A beef with Gillard

Clunes farmer Anne Thompson was one of more than 100 protesters who greeted Deputy Prime Minister Julia Gillard on her way into the Lismore Workers Club on Tuesday night.

Carrying placards that included slogans “Keep Aussie Beef Clean and Green”, “Destroy Socialism not Farmers” and “Keep Mad Cow Out”, the group was attempting to draw attention to the federal government’s impending relaxation of a ban on beef imports from countries that have had BSE (bovine spongiform encephalopathy, also known as mad cow disease).

“We want Australia to be clean and green – we don’t need to import beef, particularly from countries with BSE that have no traceability,” Anne said. “Australia is the envy of the world in regards to beef. We’re not the biggest producer, Argentina and America are bigger, but they envy us because of our National Identification Livestock Scheme.”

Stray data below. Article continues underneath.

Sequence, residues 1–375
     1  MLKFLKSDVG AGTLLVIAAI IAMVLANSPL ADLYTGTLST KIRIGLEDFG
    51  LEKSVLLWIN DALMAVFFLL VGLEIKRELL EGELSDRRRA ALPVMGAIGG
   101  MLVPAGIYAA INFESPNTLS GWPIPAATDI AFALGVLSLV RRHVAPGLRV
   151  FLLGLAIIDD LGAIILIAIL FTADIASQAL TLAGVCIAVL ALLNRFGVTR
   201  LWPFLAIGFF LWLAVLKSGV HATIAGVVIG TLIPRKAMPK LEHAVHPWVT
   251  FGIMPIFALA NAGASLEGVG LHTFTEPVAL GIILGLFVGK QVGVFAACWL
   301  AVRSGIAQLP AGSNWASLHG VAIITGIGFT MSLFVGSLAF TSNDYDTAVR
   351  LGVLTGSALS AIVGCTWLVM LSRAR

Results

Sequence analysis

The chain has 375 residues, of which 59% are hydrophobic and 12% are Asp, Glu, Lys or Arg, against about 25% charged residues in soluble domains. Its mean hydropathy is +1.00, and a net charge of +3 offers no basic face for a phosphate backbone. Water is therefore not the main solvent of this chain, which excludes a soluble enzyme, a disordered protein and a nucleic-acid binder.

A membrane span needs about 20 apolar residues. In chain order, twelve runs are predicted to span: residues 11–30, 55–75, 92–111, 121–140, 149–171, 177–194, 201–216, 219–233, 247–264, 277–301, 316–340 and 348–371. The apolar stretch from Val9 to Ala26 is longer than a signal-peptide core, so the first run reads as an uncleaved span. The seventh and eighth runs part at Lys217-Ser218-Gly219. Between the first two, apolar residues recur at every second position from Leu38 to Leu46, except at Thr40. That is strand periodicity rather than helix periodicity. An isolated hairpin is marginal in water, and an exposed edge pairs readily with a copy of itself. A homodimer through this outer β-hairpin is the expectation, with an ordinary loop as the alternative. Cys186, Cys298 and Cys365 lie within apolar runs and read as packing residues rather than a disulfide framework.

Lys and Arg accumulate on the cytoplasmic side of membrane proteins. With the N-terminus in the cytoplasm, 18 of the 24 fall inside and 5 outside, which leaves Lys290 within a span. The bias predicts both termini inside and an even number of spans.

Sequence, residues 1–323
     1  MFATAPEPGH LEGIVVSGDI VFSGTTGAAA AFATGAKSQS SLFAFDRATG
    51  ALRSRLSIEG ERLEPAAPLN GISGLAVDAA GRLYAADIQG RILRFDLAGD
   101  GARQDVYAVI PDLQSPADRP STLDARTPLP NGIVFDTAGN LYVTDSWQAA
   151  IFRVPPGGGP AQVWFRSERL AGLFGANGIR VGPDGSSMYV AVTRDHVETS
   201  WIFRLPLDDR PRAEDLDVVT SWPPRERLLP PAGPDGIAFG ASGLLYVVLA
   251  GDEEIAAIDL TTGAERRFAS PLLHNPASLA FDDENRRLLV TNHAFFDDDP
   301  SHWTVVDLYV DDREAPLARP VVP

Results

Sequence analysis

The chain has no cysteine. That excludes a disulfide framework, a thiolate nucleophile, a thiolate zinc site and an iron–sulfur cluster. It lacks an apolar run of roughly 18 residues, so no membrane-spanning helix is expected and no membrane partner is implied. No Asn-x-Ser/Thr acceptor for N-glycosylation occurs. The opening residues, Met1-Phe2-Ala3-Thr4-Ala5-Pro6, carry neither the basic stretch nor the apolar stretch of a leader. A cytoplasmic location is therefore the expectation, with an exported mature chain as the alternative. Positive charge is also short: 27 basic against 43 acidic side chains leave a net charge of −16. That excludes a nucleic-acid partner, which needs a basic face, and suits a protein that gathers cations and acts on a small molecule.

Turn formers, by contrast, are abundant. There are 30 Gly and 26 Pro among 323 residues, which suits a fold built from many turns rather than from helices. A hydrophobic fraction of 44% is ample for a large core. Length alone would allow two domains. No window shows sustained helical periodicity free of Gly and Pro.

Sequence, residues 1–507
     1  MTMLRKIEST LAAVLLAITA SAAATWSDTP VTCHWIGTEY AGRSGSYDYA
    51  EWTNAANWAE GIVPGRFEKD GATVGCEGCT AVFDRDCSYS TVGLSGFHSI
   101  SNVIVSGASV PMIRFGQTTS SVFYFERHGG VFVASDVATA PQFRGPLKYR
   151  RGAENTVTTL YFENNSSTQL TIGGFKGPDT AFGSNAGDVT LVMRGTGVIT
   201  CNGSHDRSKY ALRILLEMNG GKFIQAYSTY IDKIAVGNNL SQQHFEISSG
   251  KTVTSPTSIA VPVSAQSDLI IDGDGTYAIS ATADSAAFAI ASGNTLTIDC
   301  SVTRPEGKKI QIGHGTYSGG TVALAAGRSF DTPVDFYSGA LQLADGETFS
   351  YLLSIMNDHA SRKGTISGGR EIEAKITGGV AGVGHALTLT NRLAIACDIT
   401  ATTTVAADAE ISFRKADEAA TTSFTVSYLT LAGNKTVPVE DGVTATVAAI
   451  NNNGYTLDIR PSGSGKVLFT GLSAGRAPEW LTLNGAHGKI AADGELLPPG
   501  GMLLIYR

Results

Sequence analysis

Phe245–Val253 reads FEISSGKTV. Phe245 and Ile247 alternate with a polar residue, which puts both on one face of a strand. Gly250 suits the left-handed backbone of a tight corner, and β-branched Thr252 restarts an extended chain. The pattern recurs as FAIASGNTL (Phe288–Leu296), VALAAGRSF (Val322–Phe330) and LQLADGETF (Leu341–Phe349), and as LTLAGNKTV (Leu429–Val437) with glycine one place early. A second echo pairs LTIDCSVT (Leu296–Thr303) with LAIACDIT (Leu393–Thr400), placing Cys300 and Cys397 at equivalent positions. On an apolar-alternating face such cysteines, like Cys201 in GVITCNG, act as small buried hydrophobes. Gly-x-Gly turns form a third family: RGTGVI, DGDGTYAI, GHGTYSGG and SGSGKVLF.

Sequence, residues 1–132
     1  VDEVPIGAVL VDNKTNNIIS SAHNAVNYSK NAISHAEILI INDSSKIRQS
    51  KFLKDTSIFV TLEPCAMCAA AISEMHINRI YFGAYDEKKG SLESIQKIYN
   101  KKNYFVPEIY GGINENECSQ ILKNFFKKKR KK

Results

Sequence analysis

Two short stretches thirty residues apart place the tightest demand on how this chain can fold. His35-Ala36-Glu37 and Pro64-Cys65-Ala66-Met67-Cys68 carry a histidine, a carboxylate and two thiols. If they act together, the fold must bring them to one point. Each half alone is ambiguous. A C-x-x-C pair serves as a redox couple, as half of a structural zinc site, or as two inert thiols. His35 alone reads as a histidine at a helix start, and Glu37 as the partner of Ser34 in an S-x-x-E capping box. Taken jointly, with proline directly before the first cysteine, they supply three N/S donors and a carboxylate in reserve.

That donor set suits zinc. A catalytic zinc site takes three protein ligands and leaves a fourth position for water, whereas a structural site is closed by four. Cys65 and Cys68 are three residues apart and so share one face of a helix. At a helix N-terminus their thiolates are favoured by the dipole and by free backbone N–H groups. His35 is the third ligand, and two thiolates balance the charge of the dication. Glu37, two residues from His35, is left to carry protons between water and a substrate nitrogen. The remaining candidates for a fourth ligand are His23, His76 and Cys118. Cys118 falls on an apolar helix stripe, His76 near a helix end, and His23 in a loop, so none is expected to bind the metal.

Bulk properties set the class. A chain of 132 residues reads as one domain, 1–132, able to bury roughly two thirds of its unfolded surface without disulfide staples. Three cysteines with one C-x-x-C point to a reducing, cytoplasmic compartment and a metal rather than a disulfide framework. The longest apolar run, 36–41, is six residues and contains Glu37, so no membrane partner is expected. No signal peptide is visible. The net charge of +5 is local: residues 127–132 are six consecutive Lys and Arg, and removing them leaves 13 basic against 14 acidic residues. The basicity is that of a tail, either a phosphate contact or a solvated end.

From March 1 countries that have had BSE will be allowed to import beef to Australia, as long as they can demonstrate they have appropriate controls in place to ensure beef products coming into Australia are free of BSE. But the Senate Estimates hearing last week was told that there would not be traceability assessments for individual farms, meaning if there was an outbreak of mad cow disease in Australia it could not be traced from the farm gate.


When beauty stuns you

When beauty stuns you

Airdre trip finds her in awe of Scotland's dramatic landscape

Lismore's citizenship honour

Lismore's citizenship honour

Who have we welcomed as new Aussies in Lismore?

Truth about where you grew up

Truth about where you grew up

Research has revealed just how big an effect your suburb can have.

Local Partners